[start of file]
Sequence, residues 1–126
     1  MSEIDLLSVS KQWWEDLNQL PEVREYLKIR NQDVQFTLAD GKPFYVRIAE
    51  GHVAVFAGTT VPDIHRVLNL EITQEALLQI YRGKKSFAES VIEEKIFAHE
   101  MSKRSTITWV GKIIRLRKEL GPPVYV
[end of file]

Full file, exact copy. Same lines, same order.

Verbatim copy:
Sequence, residues 1–126
     1  MSEIDLLSVS KQWWEDLNQL PEVREYLKIR NQDVQFTLAD GKPFYVRIAE
    51  GHVAVFAGTT VPDIHRVLNL EITQEALLQI YRGKKSFAES VIEEKIFAHE
   101  MSKRSTITWV GKIIRLRKEL GPPVYV